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Patient Scenario 3 - Tackling the Chronic Phase

3 Tackling the chronic phase

Footage from the Janssen EMEA Medical Education Satellite Symposium, 26th ECNP Congress, October 2013

Philip McGuire asks why adherent patient do not respond to adequate doses of a drug. The neurological basis for this is unclear. He discusses a PET study on dopamine function in patients that do vs those that do not respond to treatment. Differences exists in level of upregulation of dopamine. Non responding subgroup showed normal dopamine levels, explaining why treatment is not effective. Similarly cortical glutamate function was measured and showed a stronger elevation in glutamate function in non-responders. What causes the resistance? Early studies show indicate the combination of the two abnormalities, data shows. These measurements may be used to stratify patients, predicting the response to D2 blockade.
Silvana Galderisi argued that response to treatment was very variable in heterogenic group. Also differences in response of responding patients are seen, some not reaching the mark ‘recovery’, despite remission. Half of chronic patients do not fully recover and the degree of improvement varies. Different domains of negative symptoms influence different aspects of the patients' functioning in daily life - important to consider in evaluations.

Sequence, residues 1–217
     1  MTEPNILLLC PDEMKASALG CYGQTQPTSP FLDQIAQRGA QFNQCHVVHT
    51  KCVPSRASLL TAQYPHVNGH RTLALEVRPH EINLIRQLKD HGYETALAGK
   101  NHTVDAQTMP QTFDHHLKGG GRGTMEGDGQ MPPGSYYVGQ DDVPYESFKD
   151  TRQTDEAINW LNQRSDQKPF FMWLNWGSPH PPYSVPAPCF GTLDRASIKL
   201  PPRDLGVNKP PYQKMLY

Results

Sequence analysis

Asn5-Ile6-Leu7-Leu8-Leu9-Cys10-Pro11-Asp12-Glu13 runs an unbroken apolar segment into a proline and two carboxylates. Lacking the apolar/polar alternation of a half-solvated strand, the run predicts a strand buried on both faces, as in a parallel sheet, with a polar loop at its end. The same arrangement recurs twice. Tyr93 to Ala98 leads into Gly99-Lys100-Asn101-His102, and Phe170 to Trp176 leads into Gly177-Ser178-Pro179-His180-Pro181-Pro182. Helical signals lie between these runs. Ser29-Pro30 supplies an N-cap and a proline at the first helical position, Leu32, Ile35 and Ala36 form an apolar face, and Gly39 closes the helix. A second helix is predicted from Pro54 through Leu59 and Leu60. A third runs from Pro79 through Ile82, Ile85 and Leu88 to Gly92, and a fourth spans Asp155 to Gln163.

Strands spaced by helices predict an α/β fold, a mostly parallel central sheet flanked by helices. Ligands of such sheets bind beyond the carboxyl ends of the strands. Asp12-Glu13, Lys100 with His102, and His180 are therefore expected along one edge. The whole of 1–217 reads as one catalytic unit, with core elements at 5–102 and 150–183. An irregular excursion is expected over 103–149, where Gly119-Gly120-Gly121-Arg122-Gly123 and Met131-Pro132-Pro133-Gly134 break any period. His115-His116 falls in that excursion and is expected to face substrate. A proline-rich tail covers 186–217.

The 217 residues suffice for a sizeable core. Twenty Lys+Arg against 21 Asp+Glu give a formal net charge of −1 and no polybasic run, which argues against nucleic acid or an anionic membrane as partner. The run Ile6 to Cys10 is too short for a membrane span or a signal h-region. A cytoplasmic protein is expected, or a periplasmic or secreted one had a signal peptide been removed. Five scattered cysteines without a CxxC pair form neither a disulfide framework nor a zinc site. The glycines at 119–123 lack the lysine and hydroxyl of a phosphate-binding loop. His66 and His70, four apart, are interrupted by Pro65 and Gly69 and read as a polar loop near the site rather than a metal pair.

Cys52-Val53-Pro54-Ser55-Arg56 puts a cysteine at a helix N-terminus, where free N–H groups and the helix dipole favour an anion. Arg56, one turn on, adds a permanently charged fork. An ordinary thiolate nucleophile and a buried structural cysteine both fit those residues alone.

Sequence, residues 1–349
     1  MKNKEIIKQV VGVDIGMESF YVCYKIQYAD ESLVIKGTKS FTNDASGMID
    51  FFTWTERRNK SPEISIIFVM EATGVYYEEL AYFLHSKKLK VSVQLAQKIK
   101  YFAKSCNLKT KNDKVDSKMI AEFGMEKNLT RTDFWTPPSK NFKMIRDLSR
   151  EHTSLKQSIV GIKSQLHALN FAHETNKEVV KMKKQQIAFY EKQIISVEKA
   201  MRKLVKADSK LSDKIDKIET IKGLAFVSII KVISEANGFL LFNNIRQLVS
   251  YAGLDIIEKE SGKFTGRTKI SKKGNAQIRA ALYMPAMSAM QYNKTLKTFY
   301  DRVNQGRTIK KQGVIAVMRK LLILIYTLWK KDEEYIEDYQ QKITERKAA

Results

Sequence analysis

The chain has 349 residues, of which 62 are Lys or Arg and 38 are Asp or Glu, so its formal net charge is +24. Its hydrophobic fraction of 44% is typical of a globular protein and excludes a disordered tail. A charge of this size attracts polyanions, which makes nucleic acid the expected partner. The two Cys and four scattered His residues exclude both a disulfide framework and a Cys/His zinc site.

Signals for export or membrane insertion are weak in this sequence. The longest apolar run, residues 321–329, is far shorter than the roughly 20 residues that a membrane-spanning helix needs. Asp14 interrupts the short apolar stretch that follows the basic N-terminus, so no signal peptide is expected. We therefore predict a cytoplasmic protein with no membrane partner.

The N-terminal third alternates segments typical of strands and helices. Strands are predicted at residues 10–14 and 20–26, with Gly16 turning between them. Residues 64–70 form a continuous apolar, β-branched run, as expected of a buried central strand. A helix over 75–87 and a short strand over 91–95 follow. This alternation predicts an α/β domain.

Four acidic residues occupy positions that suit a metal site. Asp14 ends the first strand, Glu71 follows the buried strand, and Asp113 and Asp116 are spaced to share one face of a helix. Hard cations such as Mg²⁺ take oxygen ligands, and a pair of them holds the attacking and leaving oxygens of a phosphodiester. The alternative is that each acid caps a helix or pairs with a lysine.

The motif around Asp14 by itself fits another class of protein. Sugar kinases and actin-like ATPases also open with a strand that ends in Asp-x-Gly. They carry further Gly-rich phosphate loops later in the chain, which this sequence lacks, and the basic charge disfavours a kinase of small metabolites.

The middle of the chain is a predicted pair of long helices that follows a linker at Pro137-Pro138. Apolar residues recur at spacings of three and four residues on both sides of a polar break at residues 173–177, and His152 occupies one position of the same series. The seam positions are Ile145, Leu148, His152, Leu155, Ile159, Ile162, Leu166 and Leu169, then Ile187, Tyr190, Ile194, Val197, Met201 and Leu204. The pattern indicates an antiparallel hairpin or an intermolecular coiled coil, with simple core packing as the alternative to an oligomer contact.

Andreas Schreiner asks what do guidelines recommend? Review diagnosis, engage non-pharmacological treatment, explore other causes of non-response. Resistance or pseudo-resistance may be caused by adherence. Dutch guidelines advise to consider long-acting medication, before switching to other medication. These guidelines also state we should ascertain adherence to medication before switching to (other) oral medication.
Martin Lambert notes that only 4-8% of patients have ever received an evidence based treatment. This should be considered. Patients must comply with treatment medication. Many are not; about 20% take medication irregularly. People prefer to stay on depot medication, especially when they are stable using this. Integrated care system has lowered the involuntary hospital admission by a factor 6. Even chronic patients can show full recovery, as 25% of chronic patients (some already for 10 years) have fully recovered using the integrated care system.

Discussion follows these presentations.

Footage comes from the Janssen EMEA Medical Education Satellite Symposium, 26th ECNP Congress, October 2013 Speakers: Chair/Moderator: W Wolfgang Fleischhacker, Austria Panel: Philip McGuire, UK Silvana Galderisi, Italy Martin Lambert, Germany Andreas Schreiner, Germany.